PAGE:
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US Senate Banking Chair Floats the Possibility of Banning Crypto

Despite suggesting a ban, U.S. Senator Sherrod Brown stated that doing so would be “very difficult” because activity would “go offshore.”

Sherrod Brown, chairman of the United States Banking Committee, has suggested that the Securities and Exchange Commission (SEC) and the Commodity Futures Trading Commission (CFTC) consider a cryptocurrency ban.

Brown made the remarks during an appearance on NBC’s “Meet the Press” on December 18, though the senator quickly added that a ban would be difficult to enforce:

“We want them to do what they need to do at the same time, possibly prohibiting it, though prohibiting it is difficult because it would go offshore, and who knows how that would work.”

In response to a question from the host about Senator Jon Tester’s belief that cryptocurrencies should be banned, Brown stated that he has the “same thought.”

The Ohio representative stated that he has spent the last 18 months “educating” his colleagues and the public about the dangers of cryptocurrencies, calling for immediate and aggressive action.

“I’ve already gone to the Treasury and the Secretary and requested a government-wide assessment of all regulatory agencies [….] The SEC has been particularly aggressive, and we need to move forward in that manner, as well as legislatively if necessary,” he added.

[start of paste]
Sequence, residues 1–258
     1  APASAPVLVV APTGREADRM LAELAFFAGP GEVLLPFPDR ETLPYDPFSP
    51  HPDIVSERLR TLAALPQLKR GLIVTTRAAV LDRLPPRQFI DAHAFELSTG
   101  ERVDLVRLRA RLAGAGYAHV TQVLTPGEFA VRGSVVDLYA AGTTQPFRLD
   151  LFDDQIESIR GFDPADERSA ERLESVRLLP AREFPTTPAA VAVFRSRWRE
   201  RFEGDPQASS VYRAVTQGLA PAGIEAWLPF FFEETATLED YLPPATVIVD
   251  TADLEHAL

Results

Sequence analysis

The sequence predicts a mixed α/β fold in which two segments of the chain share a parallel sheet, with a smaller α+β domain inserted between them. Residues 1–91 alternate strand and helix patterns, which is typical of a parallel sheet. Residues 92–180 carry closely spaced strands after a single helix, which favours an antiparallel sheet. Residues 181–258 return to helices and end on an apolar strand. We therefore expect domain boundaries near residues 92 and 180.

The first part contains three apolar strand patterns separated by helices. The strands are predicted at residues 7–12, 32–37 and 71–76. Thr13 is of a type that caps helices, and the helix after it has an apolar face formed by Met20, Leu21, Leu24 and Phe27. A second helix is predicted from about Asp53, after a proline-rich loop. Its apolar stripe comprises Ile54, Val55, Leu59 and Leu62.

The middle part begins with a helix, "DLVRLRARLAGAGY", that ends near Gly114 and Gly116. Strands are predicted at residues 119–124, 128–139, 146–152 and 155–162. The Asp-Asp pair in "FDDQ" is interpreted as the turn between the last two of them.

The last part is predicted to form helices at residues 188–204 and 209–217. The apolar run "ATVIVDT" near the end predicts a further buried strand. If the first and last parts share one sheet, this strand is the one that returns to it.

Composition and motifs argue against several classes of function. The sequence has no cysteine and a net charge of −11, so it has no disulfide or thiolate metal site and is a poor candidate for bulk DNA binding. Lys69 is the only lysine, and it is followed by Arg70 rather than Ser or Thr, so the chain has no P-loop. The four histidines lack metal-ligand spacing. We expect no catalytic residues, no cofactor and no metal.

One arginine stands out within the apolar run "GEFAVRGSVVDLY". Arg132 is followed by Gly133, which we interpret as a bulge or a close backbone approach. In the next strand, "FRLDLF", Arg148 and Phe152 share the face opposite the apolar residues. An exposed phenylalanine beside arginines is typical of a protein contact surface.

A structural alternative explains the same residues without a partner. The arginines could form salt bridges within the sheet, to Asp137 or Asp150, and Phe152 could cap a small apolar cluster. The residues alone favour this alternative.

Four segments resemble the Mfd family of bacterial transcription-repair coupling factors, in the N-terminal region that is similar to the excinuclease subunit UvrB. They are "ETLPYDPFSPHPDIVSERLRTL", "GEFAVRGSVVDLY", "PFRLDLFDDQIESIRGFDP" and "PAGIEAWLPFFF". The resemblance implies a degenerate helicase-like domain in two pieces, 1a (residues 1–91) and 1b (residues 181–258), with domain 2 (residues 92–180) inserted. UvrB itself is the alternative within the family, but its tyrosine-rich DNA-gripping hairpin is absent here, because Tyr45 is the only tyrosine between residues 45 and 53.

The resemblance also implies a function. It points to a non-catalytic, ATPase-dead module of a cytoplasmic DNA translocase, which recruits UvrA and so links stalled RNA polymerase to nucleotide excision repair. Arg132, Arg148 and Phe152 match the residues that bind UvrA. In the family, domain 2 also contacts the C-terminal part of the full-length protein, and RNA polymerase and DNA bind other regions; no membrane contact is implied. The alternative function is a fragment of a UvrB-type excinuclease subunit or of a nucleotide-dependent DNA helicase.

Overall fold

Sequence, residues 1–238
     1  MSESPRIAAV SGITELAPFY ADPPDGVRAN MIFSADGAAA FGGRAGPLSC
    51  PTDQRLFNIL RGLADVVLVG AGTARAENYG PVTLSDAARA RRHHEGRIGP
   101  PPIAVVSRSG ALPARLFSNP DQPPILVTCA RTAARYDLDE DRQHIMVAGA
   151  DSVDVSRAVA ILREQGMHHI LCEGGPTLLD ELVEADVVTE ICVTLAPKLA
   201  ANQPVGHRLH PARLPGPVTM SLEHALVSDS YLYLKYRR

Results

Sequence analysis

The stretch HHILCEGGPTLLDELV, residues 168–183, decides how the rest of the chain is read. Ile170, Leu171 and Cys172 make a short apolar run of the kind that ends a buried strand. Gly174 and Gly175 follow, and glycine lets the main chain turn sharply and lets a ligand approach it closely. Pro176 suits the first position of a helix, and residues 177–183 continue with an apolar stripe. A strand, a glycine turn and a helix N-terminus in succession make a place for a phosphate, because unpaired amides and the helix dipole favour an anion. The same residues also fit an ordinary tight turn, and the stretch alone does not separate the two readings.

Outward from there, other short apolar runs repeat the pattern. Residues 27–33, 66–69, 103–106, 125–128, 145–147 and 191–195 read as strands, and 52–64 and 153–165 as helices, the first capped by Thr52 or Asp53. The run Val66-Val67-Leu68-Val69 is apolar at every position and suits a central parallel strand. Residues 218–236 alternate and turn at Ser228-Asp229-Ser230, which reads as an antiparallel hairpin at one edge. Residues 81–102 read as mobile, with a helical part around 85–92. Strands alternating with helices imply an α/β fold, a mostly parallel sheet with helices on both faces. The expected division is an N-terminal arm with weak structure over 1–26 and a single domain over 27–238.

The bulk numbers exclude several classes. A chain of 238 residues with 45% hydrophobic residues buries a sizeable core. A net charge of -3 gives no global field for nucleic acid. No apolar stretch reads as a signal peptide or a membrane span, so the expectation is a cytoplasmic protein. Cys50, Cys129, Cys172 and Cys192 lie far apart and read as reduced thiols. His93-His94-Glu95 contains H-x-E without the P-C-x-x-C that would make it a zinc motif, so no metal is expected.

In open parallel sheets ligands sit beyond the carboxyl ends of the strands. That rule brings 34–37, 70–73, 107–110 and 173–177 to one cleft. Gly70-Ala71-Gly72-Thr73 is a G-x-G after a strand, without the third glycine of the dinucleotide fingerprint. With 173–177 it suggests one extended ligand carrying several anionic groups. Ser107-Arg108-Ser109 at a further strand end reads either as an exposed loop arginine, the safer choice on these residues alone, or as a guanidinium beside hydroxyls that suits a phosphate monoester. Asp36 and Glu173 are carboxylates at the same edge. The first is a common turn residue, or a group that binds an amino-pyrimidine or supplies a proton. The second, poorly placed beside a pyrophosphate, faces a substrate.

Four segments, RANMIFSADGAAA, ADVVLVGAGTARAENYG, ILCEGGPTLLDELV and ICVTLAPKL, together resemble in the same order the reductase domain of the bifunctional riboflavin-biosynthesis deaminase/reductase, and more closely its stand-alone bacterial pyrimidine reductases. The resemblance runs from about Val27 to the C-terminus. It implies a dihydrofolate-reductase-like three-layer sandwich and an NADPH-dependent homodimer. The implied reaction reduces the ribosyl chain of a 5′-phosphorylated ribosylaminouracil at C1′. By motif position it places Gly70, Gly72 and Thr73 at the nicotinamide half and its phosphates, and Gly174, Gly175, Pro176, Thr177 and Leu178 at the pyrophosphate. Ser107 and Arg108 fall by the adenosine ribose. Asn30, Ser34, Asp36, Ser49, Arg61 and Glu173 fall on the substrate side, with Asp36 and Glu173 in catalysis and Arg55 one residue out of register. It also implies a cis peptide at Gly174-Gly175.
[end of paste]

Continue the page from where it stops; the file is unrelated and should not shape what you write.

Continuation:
Brown cited FTX’s shocking collapse as an example of why a ban might be worthwhile, but added that it “is only one huge part of this problem.”

He claimed cryptocurrencies are “dangerous” and a “threat to national security,” citing North Korean cybercrime, drug trafficking, human trafficking, and terrorism financing as examples of problems they have exacerbated.

The chairman of the Banking Committee has been sceptical of cryptocurrency for over a year, most recently raising concerns about stablecoin issuance and cryptocurrency advertising and marketing campaigns.

Brown issued a statement on Nov. 30 calling for a “all-of-government” approach to industry regulation, and on Dec. 13 praised the US Department of Justice for filing criminal charges against former FTX CEO Sam Bankman-Fried, who is currently imprisoned in the Bahamas awaiting extradition to the US.

Senator Brown’s colleagues do not appear to agree with him.

Senator Tom Emmer stated on November 23 that FTX’s demise was not due to a “crypto failure,” but rather to centralised actors.

Emmer also believes that crippling regulation would stifle industry innovation in the United States, causing it to lose its global market dominance — something many believe is already happening.

It should also be noted that the incoming chairman of the House Financial Services Committee, Patrick McHenry, is a supporter of cryptocurrency. This week, he called for a halt to cryptocurrency tax changes in order to obtain more clarity on the original, “poorly drafted” tax provision.

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